Archiver > QUEBEC-RESEARCH > 2012-11 > 1352809206

From: "Fred" <>
Subject: [Q-R] FW: Genealogy Pointers (11-13-12): Finding Your CanadianAncestors/Two New "Genealogy at a Glance" Research Guides
Date: Tue, 13 Nov 2012 07:20:06 -0500


Regards, Oncle


Genealogy Pointers (11-13-12)
in this issue
-- American-Canadian Genealogist Sings Praises of First Métis Families of
Quebec, 1622-1748
-- Sale on Canadian Ancestors
-- Two New Genealogy at a Glance Research Aids
-- Blog: Papers of the Continental Congress
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American-Canadian Genealogist Sings Praises of First Métis Families of
Quebec, 1622-1748

4aUiZxrsXV-cy1HvZHsajwguMrElMrJyQciGhjxC-g3tWgkkhLOsMePtY3jvMdYBleHZ6dLc> A
book review in the current issue of the American-Canadian Genealogist (Vol.
38, Issue #133, 3rd Quarter 2012), written by Janine LaFleur Penfield,
describes the first volume in genealogist Gail Morin's series First Métis
Families as "an exhaustively documented work, taking the reader through the
complete genealogies of 56 families in a register style presentation up to
three generations. While several of the families are from present-day
Quebec, areas such as Kaskaskia, Michillimakinac, and Illinois country are
also covered." The review resumes, "Any descendant of the 56 families will
want to own a copy of this book . . . As a descendant of Jean Durand, I
found Volume I invaluable and anxiously await Volume V on Durands."

The term Métis originally referred to the offspring produced from the
intermarriage of early French fur traders with Canadian Native Americans.
Later, there were also Anglo Métis (known as "Countryborn")--children of
Scottish, English, and other European fathers and indigenous mothers. First
Métis Families of Quebec, 1622-1748. Volume 1: Fifty-Six Families, by Gail
Morin, the first in a purported six-volume series, traces the descendants of
the 56 original Métis families for up to three generations. Future volumes
will concentrate on subsequent generations of those Métis families whose
progeny settled in western North America in the 20th century.

The following paragraphs, excerpted from the Introduction of Ms. Morin's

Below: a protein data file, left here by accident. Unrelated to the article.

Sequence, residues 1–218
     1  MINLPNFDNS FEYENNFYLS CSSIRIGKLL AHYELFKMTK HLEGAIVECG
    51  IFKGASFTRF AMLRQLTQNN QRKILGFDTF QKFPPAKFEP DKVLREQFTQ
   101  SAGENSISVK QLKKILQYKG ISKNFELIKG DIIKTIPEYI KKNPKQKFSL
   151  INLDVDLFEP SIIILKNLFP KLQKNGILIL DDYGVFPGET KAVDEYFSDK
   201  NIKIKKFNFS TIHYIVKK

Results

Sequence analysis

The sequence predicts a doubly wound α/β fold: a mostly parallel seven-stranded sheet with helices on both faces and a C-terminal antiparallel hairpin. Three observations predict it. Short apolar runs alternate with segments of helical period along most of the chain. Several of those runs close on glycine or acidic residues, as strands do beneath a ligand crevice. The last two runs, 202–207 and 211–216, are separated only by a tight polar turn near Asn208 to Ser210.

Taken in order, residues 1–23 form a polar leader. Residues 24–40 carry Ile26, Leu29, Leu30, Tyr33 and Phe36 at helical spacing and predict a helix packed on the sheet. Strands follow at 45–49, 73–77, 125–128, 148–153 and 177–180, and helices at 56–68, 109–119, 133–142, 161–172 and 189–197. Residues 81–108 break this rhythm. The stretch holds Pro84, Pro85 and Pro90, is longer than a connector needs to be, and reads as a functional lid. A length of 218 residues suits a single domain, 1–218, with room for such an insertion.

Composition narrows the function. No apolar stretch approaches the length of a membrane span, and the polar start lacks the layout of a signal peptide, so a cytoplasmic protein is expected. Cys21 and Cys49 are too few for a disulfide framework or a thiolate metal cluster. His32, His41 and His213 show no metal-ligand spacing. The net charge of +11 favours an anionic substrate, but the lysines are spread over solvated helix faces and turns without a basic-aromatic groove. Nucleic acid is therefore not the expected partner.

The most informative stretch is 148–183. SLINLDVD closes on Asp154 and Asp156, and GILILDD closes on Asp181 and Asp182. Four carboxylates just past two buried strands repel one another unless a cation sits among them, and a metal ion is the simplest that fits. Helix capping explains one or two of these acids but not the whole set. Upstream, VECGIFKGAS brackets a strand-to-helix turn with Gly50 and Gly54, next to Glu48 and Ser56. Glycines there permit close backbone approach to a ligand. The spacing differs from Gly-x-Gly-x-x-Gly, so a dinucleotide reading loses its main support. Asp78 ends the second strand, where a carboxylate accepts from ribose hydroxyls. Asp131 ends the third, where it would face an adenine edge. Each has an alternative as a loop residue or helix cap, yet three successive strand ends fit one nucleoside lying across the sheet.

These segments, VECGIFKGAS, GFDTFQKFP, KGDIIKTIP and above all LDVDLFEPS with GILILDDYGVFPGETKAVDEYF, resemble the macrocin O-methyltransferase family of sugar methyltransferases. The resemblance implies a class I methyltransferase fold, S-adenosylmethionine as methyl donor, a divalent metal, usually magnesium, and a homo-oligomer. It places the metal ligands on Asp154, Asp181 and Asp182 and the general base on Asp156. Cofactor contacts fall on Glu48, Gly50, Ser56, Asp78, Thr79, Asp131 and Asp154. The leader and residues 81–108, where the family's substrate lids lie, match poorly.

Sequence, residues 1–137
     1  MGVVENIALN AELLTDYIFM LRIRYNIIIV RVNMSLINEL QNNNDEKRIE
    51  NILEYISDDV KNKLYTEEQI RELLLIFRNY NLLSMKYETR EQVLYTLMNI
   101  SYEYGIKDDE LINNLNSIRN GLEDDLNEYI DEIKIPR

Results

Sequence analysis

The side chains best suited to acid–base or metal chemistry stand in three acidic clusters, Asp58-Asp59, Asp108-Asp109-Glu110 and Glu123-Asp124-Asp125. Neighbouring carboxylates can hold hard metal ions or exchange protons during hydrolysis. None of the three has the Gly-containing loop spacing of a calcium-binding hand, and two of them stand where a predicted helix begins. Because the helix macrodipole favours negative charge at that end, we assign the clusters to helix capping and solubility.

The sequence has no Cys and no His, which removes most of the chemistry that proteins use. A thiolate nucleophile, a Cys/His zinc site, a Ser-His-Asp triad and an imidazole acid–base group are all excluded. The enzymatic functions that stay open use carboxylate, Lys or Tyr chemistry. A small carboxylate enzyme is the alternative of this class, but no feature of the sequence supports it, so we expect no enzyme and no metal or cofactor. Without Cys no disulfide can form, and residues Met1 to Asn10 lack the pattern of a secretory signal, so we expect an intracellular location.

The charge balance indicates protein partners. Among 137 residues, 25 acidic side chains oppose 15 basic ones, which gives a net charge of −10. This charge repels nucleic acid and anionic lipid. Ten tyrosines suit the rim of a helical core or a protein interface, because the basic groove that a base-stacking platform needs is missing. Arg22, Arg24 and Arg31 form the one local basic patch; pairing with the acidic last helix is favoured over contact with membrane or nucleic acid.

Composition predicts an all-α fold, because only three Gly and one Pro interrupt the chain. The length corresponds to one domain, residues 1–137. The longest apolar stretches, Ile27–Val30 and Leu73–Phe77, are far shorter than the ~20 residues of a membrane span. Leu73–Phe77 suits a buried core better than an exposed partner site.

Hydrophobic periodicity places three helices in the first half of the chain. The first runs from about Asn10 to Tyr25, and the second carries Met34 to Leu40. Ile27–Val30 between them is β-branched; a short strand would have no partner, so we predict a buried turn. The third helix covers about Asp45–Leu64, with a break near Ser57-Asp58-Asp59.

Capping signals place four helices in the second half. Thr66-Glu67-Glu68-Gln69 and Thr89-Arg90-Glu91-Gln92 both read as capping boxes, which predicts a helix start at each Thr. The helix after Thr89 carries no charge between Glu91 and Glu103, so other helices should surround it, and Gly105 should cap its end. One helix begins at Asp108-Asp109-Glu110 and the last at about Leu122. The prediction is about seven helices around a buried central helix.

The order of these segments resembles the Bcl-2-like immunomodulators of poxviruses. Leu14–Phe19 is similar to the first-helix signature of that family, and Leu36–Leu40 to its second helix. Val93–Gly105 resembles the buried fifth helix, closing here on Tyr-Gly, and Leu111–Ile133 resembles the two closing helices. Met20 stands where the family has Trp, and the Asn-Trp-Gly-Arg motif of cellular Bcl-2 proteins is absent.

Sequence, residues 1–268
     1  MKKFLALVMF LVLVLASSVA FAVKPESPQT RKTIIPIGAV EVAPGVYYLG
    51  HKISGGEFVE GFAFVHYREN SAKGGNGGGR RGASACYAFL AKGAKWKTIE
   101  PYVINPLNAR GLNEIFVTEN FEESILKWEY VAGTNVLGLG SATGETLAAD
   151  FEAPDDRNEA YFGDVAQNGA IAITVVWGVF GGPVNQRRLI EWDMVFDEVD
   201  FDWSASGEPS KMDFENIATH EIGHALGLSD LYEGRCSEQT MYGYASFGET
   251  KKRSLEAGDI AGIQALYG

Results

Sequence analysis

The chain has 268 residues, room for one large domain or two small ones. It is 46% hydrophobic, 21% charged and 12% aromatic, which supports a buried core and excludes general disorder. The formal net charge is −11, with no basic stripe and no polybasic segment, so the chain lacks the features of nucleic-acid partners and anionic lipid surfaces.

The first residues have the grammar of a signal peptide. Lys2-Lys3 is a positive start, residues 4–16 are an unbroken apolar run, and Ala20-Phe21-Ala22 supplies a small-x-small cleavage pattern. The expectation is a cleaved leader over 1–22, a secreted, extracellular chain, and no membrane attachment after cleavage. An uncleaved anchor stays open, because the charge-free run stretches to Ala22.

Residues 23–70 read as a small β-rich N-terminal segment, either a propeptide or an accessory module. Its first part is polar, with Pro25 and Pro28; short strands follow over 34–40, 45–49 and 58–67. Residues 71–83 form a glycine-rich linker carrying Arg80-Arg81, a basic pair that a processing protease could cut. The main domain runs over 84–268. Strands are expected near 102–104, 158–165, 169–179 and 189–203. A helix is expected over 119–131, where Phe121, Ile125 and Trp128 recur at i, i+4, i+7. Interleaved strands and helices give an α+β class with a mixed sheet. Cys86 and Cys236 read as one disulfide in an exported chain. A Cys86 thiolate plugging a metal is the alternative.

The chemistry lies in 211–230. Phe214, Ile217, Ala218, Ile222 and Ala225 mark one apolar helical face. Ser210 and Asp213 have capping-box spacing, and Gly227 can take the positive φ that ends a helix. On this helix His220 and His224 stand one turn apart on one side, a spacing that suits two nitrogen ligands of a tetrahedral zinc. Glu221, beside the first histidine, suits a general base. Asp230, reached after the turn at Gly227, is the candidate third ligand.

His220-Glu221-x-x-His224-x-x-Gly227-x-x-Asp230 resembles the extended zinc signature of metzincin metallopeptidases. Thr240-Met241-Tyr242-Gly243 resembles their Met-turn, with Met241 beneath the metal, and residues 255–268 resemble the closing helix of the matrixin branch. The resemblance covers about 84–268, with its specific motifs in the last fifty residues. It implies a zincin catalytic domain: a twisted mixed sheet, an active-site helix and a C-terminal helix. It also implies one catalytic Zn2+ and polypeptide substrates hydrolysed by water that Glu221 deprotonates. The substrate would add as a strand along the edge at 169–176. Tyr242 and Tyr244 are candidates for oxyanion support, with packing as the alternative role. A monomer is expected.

book, describe the marriages and family patterns of a few of her Métis
The first Frenchman known to have sired Métis offspring was Jean Nicolet de
Belleborne. He arrived in Quebec in 1618 and was employed as a clerk and
trained as an interpreter by the Company of Merchants, the fur trading
monopoly owned by French noblemen. He ran a Hudson Bay Company store and
traded with the Lake Nipissing (Ontario) people for several years. He was to
live with the local native people and learn their customs and to explore
area. His daughter Madeleine or Euphrosine Nicolet was born about 1628 of an
informal or country marriage to a Nipissing woman. Jean Nicolet returned to
the Company in Quebec in 1633 with his daughter Madeleine. Madeleine married
Jean Leblanc in 1643 and Elie Dussault dit Lafleur in 1663. Both marriages
resulted in generations of descendants in Canada and the United States that
exist today. Jean Nicolet married Marguerite Couillard in 1637 in Quebec,
daughter of a Guillaume Couillard and Guillemette Hebert and granddaughter
of Canada's first farmer Louis Hebert. Jean and Guillemette had two
children. Their daughter Marguerite Nicolet married Jean-Baptiste Legardeur
and had twenty children. None of the non-Métis families will be followed.

Jean Nicolet's pattern of marriage, for safety and convenience and later
marrying a settler's daughter, continued in the fur trade to the 19th
century. Many marriages of the country were also legitimized with the
arrival of the first missionaries Martin Prevost (or Provost) arrived in
Quebec before 1639. He was a settler and farmed near Beauport, Quebec. He
married on 3 November 1644 at Quebec. Prevost's spouse, Marie-Olivier, was
the daughter of Roch Manithabewich, a Huron Indian, and the adopted daughter
of Olivier Letardif. Together they had eight children whose descendants can
be traced to the 21st century. Martin Prevost remained in Quebec.
Marie-Olivier died on 10 September 1665 when her youngest child was only
three months old. Prevost married Marie d'Abancourt two months later. They
had no known children. Marie d'Abancourt was the widow of both Jean Jolliet
and Godfroy Guillot dit Lavallee. She died between 1678 and 1681. Martin
remained unmarried until his death in 1691 at Beauport (Quebec). His
surviving children and grandchildren were all living near Beauport. They
were farmers, laborers, and merchants and appear to have assimilated into
the non-Indian culture. By the seventh generation, the Prevost descendants
were living in the Oregon Territory and had once again married mixed blood

Pierre Couc dit Lafleur married by contract, on 16 April 1657 at
Trois-Rivieres, Marie Mitequamigoukoue or Meteomigouk, an Algonquin Indian
and possibly the widow of Assababich and mother of two young children,
Catherine and Pierre. Pierre Couc and Marie had eight children, only one of